With the research plot line we get our regular reminder about Dionysus’s primary flaw: he doesn’t take care of himself when he has any reason to believe he could be helping someone else. This characteristic manifests in his insistence that the show go on despite Cassandra’s observation that Dionysus is way too exhausted to perform and Woden’s uncharacteristic suggestion that they delay the show until their living dance floor is more stable. Dionysus insists that he’s fine to do the show, and then we get a couple of extended scenes where Cassandra finds herself discussing the last thing she would want to discuss with either of her research partners: relationships. Woden, pulling his signature annoying move of being right about something, points out to Cassandra that Dionysus is pushing himself so hard because he’s in love with her. Then, to further debase this comedy of manners, Woden lets slip that he’s also attracted to Cassandra, although he’s quick to declare that it’s purely a physical thing, and she doesn’t need to worry about managing his shriveled misanthropic feelings too. This pseudo-love triangle among the researchers is a weird take on the trope as Cassandra is already in a closed relationship with the other Norns, and her two would-be suitors are perfect foils to one another.
I think I’ve discussed in the past the ways that Woden and Dionysus are inverse mirrors of each other, from their attitude towards relationships to their feelings about the nature of their powers to the ways that they interact specifically with Cassandra. Woden can’t resist bringing the uncomfortable relationship dynamics to the surface just to amuse himself while Dionysus, in a scene that’s heartwarming on a lot of levels, explains to Cassandra that good friendship requires acting in a way that respects the wants and needs of others regardless of one’s feelings about them. It’s a scene where we get to see Dionysus at his best, even though he looks terrible and we know that bad things must be impending for him. When the show begins and Woden co-opts Dionysus’s hive mind to literally take control of the crowd, our worst fears get confirmed; never trust the Nordic jerkface because he’s always looking to get the best advantage for himself.
We catch up with Sakhmet at the British museum, the same place where she had her first encounter with an icon of her namesake as a child. We learn that this is a special place for Sakhmet, a spot that she retreats to when she wants to be alone (that Sakhmet has a contemplative side shouldn’t be surprising, but I don’t think it’s ever been seen before now; she’s usually very much invested in hedonism and self-medication for coping with her personal traumas).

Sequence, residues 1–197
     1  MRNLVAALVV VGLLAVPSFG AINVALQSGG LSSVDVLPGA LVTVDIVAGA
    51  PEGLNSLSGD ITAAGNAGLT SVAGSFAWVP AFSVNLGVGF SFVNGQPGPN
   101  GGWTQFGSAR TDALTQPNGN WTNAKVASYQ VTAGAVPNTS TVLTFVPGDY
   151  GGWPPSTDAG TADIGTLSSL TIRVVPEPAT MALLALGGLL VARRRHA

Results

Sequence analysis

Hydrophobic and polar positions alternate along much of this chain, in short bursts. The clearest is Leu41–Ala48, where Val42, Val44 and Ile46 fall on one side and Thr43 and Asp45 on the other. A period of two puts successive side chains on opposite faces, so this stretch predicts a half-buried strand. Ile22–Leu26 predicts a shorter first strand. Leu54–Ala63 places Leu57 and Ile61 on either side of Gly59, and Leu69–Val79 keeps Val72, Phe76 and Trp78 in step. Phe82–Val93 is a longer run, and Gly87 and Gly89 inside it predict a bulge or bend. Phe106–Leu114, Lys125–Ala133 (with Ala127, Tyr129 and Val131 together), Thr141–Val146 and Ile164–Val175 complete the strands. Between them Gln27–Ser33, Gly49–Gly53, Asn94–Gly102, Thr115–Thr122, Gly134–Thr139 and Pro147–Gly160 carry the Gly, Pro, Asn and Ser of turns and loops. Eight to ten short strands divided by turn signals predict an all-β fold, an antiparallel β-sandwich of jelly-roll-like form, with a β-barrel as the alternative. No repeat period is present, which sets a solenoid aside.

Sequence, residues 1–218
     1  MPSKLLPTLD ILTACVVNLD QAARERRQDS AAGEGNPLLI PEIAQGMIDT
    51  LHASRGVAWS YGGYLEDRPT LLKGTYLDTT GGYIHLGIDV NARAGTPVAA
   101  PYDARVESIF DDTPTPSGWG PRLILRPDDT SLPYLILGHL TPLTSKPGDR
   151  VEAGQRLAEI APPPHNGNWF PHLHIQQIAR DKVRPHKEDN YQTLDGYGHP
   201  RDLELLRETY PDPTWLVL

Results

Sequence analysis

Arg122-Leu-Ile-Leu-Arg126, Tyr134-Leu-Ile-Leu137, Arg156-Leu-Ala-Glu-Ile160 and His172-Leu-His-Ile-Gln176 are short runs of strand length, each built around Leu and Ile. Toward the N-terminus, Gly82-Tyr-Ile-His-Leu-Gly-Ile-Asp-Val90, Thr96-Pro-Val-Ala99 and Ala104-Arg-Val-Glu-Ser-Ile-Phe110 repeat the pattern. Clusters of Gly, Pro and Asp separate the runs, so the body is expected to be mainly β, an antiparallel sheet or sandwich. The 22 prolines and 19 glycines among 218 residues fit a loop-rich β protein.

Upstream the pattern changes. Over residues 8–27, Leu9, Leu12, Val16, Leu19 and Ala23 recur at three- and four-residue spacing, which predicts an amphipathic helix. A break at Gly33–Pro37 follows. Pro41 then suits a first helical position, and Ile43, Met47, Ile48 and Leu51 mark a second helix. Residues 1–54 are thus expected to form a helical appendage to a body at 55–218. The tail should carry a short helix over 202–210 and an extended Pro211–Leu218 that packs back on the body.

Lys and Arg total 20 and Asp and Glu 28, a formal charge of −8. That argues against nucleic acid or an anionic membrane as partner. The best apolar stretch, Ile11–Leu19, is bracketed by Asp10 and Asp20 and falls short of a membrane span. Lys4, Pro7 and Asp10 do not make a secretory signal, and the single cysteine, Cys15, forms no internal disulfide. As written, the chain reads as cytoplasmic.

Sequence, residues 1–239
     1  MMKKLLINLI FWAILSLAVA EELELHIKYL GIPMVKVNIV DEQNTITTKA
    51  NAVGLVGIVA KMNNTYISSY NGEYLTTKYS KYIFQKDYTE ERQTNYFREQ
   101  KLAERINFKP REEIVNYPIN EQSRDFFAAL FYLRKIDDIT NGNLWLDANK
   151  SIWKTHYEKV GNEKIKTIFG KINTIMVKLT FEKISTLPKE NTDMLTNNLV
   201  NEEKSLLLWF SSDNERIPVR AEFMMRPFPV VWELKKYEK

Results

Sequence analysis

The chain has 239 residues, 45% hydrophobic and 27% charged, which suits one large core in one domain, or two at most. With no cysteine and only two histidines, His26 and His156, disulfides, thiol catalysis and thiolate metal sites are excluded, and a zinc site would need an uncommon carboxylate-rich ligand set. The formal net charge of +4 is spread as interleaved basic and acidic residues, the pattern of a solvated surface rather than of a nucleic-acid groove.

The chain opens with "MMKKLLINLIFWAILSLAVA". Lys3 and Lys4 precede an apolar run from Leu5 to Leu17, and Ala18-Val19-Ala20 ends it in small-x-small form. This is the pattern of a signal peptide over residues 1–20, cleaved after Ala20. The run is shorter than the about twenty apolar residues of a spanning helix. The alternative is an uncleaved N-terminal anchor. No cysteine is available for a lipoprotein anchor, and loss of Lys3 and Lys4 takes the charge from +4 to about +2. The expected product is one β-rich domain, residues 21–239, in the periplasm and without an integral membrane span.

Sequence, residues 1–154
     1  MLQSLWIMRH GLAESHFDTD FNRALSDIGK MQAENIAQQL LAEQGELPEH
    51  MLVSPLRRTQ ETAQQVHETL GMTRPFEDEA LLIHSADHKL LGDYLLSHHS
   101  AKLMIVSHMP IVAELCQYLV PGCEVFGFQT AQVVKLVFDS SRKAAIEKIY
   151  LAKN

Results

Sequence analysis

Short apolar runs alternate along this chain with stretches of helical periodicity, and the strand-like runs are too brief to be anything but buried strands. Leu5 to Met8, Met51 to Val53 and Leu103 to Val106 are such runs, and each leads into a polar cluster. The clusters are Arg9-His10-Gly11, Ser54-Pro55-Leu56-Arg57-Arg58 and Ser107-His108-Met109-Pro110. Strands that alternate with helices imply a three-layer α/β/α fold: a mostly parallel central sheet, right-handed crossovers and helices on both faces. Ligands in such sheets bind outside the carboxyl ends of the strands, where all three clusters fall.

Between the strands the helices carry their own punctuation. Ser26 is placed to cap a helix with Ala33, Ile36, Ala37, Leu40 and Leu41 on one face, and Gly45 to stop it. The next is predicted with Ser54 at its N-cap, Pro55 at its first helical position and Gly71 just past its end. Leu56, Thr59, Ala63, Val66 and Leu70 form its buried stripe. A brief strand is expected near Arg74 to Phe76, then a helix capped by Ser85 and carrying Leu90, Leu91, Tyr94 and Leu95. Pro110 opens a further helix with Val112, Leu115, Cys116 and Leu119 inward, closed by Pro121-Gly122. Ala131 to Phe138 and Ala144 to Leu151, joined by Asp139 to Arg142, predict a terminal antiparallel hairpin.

The sky gods, thanks to Laura’s information, have caught up with her, and they’ve decided that Amaterasu will make first contact in an attempt to bring Sakhmet in peacefully. Given Amaterasu’s long history of completely failing to come through during crises, this seems like a really bad plan. Add to that her penchant for insensitive, oblivious blather during even low stakes conversations, and we can pretty reliably predict how this all goes down. The only asset Amaterasu brings to the table is the fact that she’s the best performer in the group, and one of her specific talents is inciting pleasant emotions in her audience. It’s almost enough to work except that as soon as she believes that Sakhmet’s no longer a threat (Sakhmet is always a threat) she stops doing her mojo and starts in with the colonialist junk along with fond memories of her father, which are perfectly Amaterasu and the precisely wrong things to say to someone with Sakhmet’s history. Really, it seems like the sky gods pick up the idiot ball for a moment with this plan, but then you remember that Minerva has a vendetta against Amaterasu for abandoning her when Ananke was rampaging and Baal just isn’t a terribly cunning person, and it begins to look like Amaterasu was meant to go in and get killed by Sakhmet.
Perhaps the only thing that’s even more Amaterasu than her carelessness being what finally, finally gives her a comeuppance is the fact that as she lashes out in her death throes she utterly destroys priceless Egyptian artifacts. If that’s not a commentary on the utter vindictive nonsense that white people engage in to try to hold on to their cultural hegemony, I don’t know what is.